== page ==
It's a nightmare to maintain an ionic app

Obviously I don’t have a crystal ball, and am not in a position to guarantee you anything, but I would ask you to take a look at what has happened with Angular. The migration from Angular 1 (AngularJS) to Angular 2 basically demanded a complete rewrite of everything. Going from Angular 2 to 3 or 4 wasn’t snapping fingers, but it was nowhere near as disruptive as 1-2 was. By the time they got to 5 or so, there were even some automated upgrade assistance scripts. Ever since then, unless you’re deep in the weeds of the internals so that you got bit by the ViewEngine / Ivy transition, it’s been pretty much a “less than an hour of work” situation.

Throughout this story, Ionic versioning tracked Angular fairly closely, because it was the only framework supported. What you are going through would have been needed if we were having this conversation during the Ionic 2 rollout. It’s been 5 years since then, and there has not been any Ionic release anywhere near as disruptive over that entire time period.

I would therefore feel fairly safe predicting there won’t be another one anytime soon.

While I haven’t been in any upgrades of major projects, I did go through the journey which has been described earlier, multiple times.

As @rapropos has mentioned, with the arrival of ionic5 and webcomponent, framework agnosticity was introduced which should help a lot.

What always bothered me the most was the apparent lack of documentation (or my understanding) of the actual node version you ought to be using, to avoid disruption of upgrades, even the documented ones. Has given me some real dependency nightmares.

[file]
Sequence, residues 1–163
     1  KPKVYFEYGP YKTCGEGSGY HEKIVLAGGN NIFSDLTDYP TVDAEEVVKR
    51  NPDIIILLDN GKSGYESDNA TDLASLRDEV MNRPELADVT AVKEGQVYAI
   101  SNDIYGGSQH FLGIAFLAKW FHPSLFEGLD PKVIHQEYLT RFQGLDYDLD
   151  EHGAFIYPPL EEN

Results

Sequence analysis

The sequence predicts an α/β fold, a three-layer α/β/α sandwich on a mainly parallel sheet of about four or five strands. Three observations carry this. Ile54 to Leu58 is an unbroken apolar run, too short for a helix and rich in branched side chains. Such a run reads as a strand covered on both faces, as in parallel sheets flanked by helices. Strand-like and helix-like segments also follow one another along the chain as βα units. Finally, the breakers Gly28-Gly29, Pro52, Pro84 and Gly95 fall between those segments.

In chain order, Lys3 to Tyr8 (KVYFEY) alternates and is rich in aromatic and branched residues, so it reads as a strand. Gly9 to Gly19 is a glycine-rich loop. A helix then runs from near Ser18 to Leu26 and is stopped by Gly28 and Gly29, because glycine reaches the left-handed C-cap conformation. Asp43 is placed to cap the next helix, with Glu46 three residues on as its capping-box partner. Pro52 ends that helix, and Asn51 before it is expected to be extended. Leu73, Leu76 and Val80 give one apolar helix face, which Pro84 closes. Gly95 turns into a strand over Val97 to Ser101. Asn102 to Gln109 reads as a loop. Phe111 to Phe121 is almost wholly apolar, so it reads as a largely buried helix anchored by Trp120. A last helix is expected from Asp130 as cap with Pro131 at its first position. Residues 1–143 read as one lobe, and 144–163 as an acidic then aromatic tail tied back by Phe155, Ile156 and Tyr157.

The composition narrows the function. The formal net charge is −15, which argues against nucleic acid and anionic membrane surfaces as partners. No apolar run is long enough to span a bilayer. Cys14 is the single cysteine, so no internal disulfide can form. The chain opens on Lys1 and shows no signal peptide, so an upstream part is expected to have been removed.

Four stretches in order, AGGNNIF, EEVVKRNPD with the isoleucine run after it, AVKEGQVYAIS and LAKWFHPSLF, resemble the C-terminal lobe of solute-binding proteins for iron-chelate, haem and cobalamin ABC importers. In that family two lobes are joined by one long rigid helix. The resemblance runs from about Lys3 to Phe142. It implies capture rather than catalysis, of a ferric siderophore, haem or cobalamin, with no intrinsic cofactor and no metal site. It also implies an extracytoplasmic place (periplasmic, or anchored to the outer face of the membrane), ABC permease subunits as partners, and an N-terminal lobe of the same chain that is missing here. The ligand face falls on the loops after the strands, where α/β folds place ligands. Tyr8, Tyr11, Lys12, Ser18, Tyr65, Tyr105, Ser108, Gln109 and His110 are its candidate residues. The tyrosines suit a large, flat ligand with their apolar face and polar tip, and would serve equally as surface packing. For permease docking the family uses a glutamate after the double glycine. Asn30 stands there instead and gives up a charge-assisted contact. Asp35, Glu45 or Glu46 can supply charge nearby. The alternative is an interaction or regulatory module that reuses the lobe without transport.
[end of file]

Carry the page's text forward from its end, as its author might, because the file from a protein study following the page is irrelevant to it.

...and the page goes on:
Thank god for NVM in that case.

Acknowledging that there may always be disconnects between what is supposed to work and what does work, I think the most reliable heuristic one can follow looks like this:

  1. Go here.
  2. Look at the left box with “LTS” after its name.
  3. You want that one.

2022 here. I am switching to Flutter. I am not writing this out of spite. I loved Ionic 3. The upgrade to 4 and 5 was really painful, so much so I seriously considered switching at that time.

I am a database developer turned app developer and I was able to successfully release an Ionic app but the process was just too painful. Not only does Ionic upgrades breaks things, I also found the whole NPM tool chain to be insufferable. So. Many. Breaking changes. All the time. The plugins are often out of step with production version of Ionic and the developers have long lost interest so it is a Russian roulette of finding out “will this 6 months old plugin” work with the latest Ionic or did some underlying library 3 layers down is imploding the whole thing. I wonder how many plugin authors gave up too because of the version changes.

I’d admit at first I hated Flutter. Dart looked like a hot bowl of spaghetti with UI and logic all mixed up. But as time goes on I really appreciate the Hot Restart (saves me probably 30 minutes-1 hr a day), the quality of the plugins (they are actually rated on so you know what you are getting yourself into), I am not smart enough to know 50 million things and the status of each. Developer experience should be part of the design considerations of a framework.

Just my 2c. Thanks Ionic for the good times and bad.

Hey there!

Sorry to hear your experience with Ionic was not great. I was hoping to learn more about some of the frustrations you experienced so we can improve the quality of our projects.

A couple clarifying questions:

  1. Which plugins did you have trouble with?